Soccer Players at Mississippi College Participate in UMMC Clinical Trial
Coach Darryl Longabaugh remains pumped as he enters his 20th season as leader of the Mississippi College Lady Choctaws soccer team.
“I’m excited,” says Longabaugh, one of the premier coaches in the Gulf South Conference. He’s not just fired up about the promising 2018 season on the field ahead. Longabaugh is thrilled his talented squad will participate in a first-of-its kind clinical trial by a research team at the University of Mississippi Medical Center in Jackson.
A $30,000 grant from UMMC’s Neuro Institute will make the research possible. The work involves 75 MC student-athletes on the men’s and women’s soccer teams. The month-long trial on the Clinton campus began August 11.
If a college soccer player has good reflexes and motor skills that help with movement on the field, it could be a factor whether or not they take a hit resulting in a concussion, UMMC officials say.
The clinical trial also seeks to discover if their sensory abilities impacting movement can be adjusted for the better on the front end to lessen their chances of concussion. In addition, UMMC researchers seek to allow players to recover better and more quickly if they do suffer a concussion.
Nationwide, players, coaches and fans are increasingly aware of the dangers of sports injuries, from elementary school through the professional ranks. Reports show that one of every five high school athletes across the USA sustains sports-related concussions.
Longabaugh says the UMMC findings will be valuable for all 36 players on his team plus the coaches. “In soccer, we use our heads a lot,” and players often hit the ground during games, he said.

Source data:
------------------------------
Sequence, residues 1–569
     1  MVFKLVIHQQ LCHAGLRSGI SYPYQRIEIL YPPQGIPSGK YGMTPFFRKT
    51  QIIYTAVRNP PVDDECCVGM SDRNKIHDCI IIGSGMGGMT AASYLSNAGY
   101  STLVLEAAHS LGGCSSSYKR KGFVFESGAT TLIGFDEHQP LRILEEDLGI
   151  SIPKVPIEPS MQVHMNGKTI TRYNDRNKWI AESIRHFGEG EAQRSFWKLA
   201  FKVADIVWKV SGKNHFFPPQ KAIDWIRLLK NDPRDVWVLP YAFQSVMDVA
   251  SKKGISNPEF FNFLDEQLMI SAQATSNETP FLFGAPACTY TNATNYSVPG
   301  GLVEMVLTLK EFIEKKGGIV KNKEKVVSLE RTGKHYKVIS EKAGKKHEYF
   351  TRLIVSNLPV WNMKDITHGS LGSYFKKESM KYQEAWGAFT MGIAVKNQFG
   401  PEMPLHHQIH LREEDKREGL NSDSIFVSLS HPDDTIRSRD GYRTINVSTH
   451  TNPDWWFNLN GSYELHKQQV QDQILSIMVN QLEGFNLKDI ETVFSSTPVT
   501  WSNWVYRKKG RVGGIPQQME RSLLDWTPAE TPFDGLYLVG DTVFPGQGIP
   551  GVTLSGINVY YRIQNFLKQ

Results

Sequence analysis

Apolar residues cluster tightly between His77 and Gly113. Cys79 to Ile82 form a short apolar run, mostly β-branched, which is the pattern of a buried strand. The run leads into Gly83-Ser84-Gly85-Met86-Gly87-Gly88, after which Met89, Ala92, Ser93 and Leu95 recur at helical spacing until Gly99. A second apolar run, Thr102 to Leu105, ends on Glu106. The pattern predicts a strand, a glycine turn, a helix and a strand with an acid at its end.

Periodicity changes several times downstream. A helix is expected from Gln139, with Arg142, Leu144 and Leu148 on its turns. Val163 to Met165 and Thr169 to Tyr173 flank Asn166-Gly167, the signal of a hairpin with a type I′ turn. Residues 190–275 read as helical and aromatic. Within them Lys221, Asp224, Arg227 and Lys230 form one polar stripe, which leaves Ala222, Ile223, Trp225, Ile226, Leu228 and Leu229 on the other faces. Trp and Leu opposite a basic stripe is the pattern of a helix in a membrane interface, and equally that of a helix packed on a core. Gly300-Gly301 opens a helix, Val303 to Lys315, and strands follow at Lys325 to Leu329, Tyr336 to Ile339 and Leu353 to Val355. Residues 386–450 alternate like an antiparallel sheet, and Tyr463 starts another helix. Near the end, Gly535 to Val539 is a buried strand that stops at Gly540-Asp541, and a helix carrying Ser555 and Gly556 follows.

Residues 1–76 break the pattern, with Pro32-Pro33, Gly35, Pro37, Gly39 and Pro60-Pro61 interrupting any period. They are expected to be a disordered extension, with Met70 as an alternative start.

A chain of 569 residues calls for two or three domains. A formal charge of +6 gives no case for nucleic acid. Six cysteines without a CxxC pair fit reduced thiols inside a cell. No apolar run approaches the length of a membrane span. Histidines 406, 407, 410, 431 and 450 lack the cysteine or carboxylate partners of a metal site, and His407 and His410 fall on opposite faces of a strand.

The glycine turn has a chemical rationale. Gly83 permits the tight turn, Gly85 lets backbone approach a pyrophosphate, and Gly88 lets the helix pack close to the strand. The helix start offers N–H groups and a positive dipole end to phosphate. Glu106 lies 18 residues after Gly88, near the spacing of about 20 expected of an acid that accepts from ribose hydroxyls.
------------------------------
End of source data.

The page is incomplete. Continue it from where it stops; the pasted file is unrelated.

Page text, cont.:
While concussions involving football players – from high school through the NFL – get plenty of media attention, injuries for soccer players happen quite often, too, Longabaugh says.
The UMMC researchers aim to evaluate the effectiveness of aggressive physical therapy as “sensorimotor” training.
“We’re taking healthy athletes, who have had a concussion in the past or not, and seeing if we can fine-tune their sensorimotor system,” says Dr. Jennifer Reneker, UMMC associate professor of physical therapy. “I believe if they have any underlying impairments, we can remedy that and decrease their risk of injury.”
Lady Choctaws soccer players like Sam Carson, 22, of England give the project a thumbs up. “I really did not think about concussions until I came here,” says the Mississippi College senior and exercise science major. In soccer games and practices, “quite often I use my head.”
It’s pretty cool, Carson said, to be part of this new research initiative linking the body with her favorite sport.
MC junior Lauren Kate Carter, 20, of Tupelo plays the position of midfielder on the Lady Choctaws squad. She’s delighted to participate in the research. “I love it,” says the Tupelo High graduate. “I’m really into science and physical therapy.”
In recent years, Lauren Kate used her head in soccer games for the Tupelo High Golden Wave team at Tupelo High and at MC. “It is dangerous, no doubt. But we all have a passion to win.”
The UMMC trial is officially called “Sensorimotor Training for Injury Prevention in Collegiate Soccer Players” and is gaining positive national exposure on ClinicalTrials.gov.
Like Longabaugh, Kevin Johns, the successful men’s soccer coach at Mississippi College, applauds the UMMC research.
“This will help us,” says freshman Carlos Hernandez, 18, of Spain. He’s a midfielder on the MC men’s soccer team.
At the trial’s start, Dr. Reneker and her team performed baseline testing on soccer players that examined movement control of their eyes, and ability to use specific muscles in their neck in a controlled way. The students will be tested following the four weeks of training to see if there’s improvement. Mississippi College players also will be given homework exercises via video instruction on their cell phones.